A call for equitable global vaccine distribution from Patricia Mechael, co-founder and Policy Lead at HealthEnabled
On January 18, 2021, the head of the World Health Organization, Dr. Tedros Ghebreyesus, declared that a “me-first” approach to vaccine distribution for Covid-19 puts “equitable access to these lifesaving treatments at risk.”
When it comes to herd immunity -in order for all to be protected, equitable distribution of vaccines is needed. It will not be enough for those higher income countries who can afford higher prices to be protected, but not lower income countries. With over 2 million deaths distributed across all countries in the world, controlling the virus does not work that way. No country will be fully protected unless all countries are protected. Even countries that manage to achieve herd immunity will be at risk so long as other countries have not achieved it. WHO is urging all countries to work together in solidarity to ensure that those most at risk – health workers and the elderly – are prioritized across all countries.
A key to the rapid unprecedented development of several effective treatments and vaccines for Covid-19 in record breaking time has been the use of AI to mine research results and to assess molecular application of potential existing drugs for inhibitory human coronavirus (HCoV) prior to treatment and throughout vaccine development and testing. These have benefited from global research collaborations to create the learning data sets needed to train models.
A similar global approach to AI is needed to ensure safe, effective, and equitable vaccine distribution and access. A recent article in Fortune highlights 4 main use cases for AI in the race to vaccinate as many people as possible – namely supply chain management, demand estimation, vaccine validation, and vaccine tracking- including reporting and responding to adverse effects following immunization (AEFI). A key to this is early applications of AI by companies like IBM and Marco-eyes that draw on the likes of Watson and similar approaches used in the finance sector to monitor stock trades and pricing to optimize sales and purchases.
A key challenge in moving towards effective and responsible AI use for many low-income countries is the availability of the sorts of up-to-date accurate and representative data that are needed to benefit from AI. There are also governance and data sharing challenges. In addition, there is often very little representation by individuals from low-income countries on the teams of people developing and training AI models.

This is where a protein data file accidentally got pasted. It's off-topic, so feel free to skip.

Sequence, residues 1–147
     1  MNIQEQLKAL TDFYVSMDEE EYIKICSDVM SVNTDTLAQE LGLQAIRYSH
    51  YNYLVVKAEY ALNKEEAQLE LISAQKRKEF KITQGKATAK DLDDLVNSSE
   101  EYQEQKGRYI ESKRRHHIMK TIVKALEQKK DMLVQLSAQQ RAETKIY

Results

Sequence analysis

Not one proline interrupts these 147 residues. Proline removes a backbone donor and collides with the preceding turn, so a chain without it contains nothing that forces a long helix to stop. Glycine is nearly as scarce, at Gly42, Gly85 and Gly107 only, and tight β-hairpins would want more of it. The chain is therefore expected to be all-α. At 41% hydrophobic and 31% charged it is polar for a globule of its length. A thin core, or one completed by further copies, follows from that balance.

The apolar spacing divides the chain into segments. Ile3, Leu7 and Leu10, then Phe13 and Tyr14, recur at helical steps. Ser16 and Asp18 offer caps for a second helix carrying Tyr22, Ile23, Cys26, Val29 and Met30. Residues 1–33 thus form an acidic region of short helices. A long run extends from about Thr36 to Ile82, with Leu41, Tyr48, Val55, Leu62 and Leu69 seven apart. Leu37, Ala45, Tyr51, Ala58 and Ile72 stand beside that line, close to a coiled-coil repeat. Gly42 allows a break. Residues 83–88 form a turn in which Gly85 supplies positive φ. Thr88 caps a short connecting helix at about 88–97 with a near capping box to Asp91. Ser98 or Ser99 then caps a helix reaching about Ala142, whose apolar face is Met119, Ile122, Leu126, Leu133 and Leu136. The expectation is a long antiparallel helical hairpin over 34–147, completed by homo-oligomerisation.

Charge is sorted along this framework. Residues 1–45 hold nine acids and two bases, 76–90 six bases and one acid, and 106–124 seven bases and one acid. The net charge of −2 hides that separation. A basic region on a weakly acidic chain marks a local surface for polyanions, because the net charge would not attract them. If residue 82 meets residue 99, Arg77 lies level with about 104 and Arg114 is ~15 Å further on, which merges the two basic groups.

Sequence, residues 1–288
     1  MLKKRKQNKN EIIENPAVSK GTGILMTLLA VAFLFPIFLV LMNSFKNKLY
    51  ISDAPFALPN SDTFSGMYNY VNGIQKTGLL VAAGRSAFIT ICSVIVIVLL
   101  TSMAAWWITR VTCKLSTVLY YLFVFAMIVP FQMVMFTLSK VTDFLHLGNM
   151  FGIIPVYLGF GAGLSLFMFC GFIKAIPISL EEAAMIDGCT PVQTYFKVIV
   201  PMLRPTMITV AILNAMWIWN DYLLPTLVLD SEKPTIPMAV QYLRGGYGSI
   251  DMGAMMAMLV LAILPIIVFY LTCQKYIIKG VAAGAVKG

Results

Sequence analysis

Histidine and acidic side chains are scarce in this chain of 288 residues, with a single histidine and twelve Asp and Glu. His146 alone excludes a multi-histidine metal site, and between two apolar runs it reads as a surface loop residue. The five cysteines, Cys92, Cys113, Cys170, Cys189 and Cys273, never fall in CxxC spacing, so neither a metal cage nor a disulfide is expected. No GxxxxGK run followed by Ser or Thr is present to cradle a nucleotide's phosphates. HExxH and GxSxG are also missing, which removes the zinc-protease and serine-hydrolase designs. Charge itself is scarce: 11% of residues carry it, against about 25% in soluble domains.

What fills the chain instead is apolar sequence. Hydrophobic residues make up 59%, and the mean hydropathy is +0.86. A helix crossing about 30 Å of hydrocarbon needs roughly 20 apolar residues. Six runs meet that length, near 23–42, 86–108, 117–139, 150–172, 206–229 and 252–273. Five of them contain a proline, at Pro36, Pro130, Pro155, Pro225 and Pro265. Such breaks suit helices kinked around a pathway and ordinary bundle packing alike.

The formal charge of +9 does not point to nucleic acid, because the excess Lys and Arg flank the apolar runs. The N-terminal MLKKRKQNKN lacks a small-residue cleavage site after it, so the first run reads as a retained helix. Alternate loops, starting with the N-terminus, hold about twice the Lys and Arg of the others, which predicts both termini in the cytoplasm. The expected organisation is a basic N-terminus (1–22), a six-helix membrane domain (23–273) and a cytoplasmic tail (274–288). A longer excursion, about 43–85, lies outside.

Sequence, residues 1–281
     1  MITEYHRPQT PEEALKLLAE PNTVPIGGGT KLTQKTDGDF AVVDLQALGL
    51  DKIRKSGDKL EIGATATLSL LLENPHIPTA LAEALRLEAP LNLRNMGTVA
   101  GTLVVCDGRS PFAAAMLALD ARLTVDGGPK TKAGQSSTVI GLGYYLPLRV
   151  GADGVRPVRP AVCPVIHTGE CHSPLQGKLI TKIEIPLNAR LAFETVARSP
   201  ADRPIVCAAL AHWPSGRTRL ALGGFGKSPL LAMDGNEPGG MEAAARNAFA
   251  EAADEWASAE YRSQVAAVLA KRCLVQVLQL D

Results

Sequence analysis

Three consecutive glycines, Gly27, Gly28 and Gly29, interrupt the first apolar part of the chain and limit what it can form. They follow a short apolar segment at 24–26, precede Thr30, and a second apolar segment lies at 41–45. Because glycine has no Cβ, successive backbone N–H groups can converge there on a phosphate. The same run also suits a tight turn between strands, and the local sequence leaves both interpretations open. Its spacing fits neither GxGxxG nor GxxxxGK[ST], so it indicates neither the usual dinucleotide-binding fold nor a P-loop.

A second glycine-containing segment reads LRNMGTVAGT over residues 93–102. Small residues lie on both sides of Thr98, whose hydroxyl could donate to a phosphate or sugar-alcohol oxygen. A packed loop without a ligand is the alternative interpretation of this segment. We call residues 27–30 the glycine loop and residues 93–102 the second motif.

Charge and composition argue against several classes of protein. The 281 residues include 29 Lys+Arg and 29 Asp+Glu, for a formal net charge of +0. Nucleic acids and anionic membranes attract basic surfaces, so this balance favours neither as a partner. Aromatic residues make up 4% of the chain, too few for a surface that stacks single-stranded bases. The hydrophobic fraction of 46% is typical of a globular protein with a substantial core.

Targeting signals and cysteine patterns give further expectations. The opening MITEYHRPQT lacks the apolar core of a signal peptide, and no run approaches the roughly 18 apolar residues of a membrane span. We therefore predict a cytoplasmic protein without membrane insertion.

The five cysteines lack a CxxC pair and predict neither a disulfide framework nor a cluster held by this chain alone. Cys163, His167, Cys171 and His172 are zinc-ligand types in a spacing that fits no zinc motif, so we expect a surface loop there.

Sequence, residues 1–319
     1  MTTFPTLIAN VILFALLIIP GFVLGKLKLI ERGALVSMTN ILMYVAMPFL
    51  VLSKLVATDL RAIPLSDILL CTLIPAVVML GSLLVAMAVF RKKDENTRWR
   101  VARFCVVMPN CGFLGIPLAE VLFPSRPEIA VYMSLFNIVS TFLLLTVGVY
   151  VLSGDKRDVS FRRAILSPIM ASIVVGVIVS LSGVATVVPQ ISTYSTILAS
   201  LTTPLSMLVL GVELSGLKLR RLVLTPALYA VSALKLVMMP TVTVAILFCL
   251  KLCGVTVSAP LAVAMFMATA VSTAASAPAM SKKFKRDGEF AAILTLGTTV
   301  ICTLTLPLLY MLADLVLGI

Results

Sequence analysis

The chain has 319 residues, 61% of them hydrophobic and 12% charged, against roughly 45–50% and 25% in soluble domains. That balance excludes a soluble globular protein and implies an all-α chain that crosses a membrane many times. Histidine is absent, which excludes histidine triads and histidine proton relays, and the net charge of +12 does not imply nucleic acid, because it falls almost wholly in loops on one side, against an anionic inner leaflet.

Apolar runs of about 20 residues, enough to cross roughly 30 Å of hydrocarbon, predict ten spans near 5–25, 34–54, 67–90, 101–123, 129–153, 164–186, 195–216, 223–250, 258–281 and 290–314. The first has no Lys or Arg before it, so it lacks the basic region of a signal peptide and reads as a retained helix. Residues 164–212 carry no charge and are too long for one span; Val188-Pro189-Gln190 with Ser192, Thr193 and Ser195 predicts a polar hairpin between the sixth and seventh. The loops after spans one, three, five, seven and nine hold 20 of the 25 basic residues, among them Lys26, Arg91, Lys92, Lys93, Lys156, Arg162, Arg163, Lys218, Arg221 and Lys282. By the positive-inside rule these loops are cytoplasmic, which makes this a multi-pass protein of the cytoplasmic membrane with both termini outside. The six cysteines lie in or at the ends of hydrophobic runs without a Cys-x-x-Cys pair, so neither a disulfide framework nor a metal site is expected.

COVAX is an ambitious effort led by Gavi, the Vaccine Alliance, the Coalition for Epidemic Preparedness Innovations (CEPI), and WHO to support Covid-19 vaccine development, manufacturing and distribution of 2 billion vaccines for countries that are unable to self-fund vaccines by the end of 2021. As part of this effort a number of multinational companies are being engaged to leverage technology and innovation to accelerate and bring transparency to each step of the COVAX journey.
Given the imbalance in participation, representation, capacity, governance and data availability to support responsible applications of AI and lower income countries, some actions that can help lay a foundation for a more global equitable approach to AI, include:
- Strengthening and alignment of standardized vaccine data availability and use at national and subnational levels within countries. This includes partnering with countries to strengthen the effective use of national health information systems platforms like DHIS2, which have routine immunization and Covid-19 modules that can feed data into the 4 main use cases for AI in vaccine distribution.
- Creating global open data repositories for sharing and access of Covid-19 surveillance and vaccine distribution data with data quality review processes across all countries. Many of the elements to do this are available within and across some countries in some regions, but many lower income countries are not included.
- Establishing global AI data governance, sharing agreements, and capacity building in initiatives in collaboration with regional governance bodies and agencies that provide both incentives to contribute to and benefit from data across all countries for a truly global response. Many low-income countries are interested in leveraging AI in their pandemic response, but they are often challenged by capacity and in many cases language.
The Covid pandemic has accelerated the use of AI in global health. Better engagement and representation of individuals from low-income countries in AI collaborations is needed to ensure that what is developed is appropriate across contexts in an effort to reduce biases and increased inequity programmed into AI from high income settings. Covax provides a unique opportunity to establish the foundational agreements and norms needed for increased participation of all countries with truly global engagement and equitable representation by gender, race, language, and other known biases in AI initiatives. A responsible approach to AI in vaccine distribution has the potential to ensure a systematic equitable global approach to ensuring global herd immunity and laying the foundation for future pandemic prevention and control.